Generation to Generation
So you are one of the lucky few who are getting an NES Classic Edition (aka NES Mini) to scratch that nostalgic itch! 30 strategically hand-picked games are about to take you away to a time where phrases like “TPS reports” and “cutbacks” didn’t even have a spot in your vocabulary. You are in for a wealth of entertainment and fun that modern game consoles just can’t provide anymore. In just a matter of time you’re going to be jumping on goombas, defeating Ganon, whipping Dracula, and foiling Dr. Wily’s plans to conquer the world. Unfortunately, I have a bit of bad news my retro-gaming friend. If you haven’t played a Nintendo NES since the day you packed it up and stuffed it in your attic or traded it in at the local video game store for the glorious Super Nintendo, you may find out that the video games from “back-in-the-day” are a lot tougher than you remember. Gone are the days that you could spend an entire summer mastering the one game that you got for Christmas or wasting away a spring break conquering a game that you rented from Blockbuster. You now have responsibilities that will constantly get in the way of your quest to destroy Mother Brain, but fear not, the NES Classic Edition grants players the ability to use save states, but that still doesn’t mean it’s going to be easy.
After a few weeks with the Classic Edition you’re most likely going to regain your abilities to withstand the difficulty that is NES gaming. Your kids will look on in amazement as you press buttons and maneuver your character with a flow so smooth it’s reminiscent of Will Hunting calculating a math problem. They will shout “ooooh” and they will shout “ahhhh”, and eventually they will ask you to pass them the controller so they can have a turn. Here’s your new dilemma – Which games out of the 30 do you introduce them to so they don’t get frustrated, considering they’re used to the hand-holding and baby-sitting that is the standard of today’s games? I had this dilemma a few short years ago when I dug my Nintendo out of the basement to introduce my child to gaming. I knew that Castlevania was going to be way too hard and there was no way she could play The Legend of Zelda since she was still unable to read. We eventually settled on “The Little Mermaid” since that’s the character she knew and the game was fairly easy. She fell in love with gaming immediately and hasn’t looked back since. I felt we both made a good choice and I now could share a hobby that I love with a person that I love. Win, win!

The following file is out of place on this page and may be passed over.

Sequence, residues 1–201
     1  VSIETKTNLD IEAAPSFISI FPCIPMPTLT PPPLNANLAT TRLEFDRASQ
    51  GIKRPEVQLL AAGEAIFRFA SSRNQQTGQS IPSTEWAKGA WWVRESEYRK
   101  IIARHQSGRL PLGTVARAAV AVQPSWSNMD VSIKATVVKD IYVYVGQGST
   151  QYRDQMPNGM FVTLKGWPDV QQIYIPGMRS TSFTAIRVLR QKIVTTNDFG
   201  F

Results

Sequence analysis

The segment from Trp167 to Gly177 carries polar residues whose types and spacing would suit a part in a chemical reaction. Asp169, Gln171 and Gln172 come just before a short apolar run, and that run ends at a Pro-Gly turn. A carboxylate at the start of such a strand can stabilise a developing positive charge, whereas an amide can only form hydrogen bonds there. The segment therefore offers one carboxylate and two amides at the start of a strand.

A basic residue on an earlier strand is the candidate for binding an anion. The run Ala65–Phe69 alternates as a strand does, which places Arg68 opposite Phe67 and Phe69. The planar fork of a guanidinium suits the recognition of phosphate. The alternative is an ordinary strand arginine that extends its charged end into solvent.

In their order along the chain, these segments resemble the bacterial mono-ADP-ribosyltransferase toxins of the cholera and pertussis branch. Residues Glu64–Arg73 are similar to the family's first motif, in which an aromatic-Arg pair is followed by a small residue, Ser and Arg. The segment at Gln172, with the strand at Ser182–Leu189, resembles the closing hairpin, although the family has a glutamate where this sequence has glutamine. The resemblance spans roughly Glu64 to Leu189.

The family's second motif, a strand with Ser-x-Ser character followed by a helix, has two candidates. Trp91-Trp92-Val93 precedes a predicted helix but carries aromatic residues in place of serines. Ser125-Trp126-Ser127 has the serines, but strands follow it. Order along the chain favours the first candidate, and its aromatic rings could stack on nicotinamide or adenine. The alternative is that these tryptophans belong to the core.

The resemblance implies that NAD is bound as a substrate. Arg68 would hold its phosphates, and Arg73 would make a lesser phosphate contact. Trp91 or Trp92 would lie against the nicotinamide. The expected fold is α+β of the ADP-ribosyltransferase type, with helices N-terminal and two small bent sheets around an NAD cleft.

So I’m guessing you might have not thought of this yet, and I totally understand! You’re ready to play the classics you know and love, but I’m just here to tell you to be prepared to hand over that controller to the young one. I went through each and every game that is included on the NES Classic Edition and have handpicked the top 5 games that you should introduce to a budding retro gamer.
5. Super C (1990, Konami)
What better way to introduce newcomers to the NES than to play a co-op multiplayer game! Super C is the epitome of team work and NES fun. In this game you play as the returning Contra (yes Super C is Contra 2) characters Bill and Lance, and are tasked with destroying the evil Red Falcon organization who have taken over an allied military base. Both players work together simultaneously in side-scrolling levels with a few top down missions thrown in the mix. Weapon power-ups are obtainable, and yes, the spread gun is present in full-force. This is also a good game to introduce kids to the amazing music that the NES can output since Super C’s chiptunes are some of the best out there.
Now, you may be saying, “This game is too difficult for kids”, but like Contra, Super C does have a code to give you extra lives. Unfortunately for those of us living in the United States, it’s not a 30 lives code like the Japanese got in their version, but we do at least get 10, which is a pretty big leap over the standard 3.
If you would like to utilize the code please follow the steps below:
At the title menu highlight the number of players you’ll be starting the game with and press:
Right, Left, Down, Up, A, B, Start.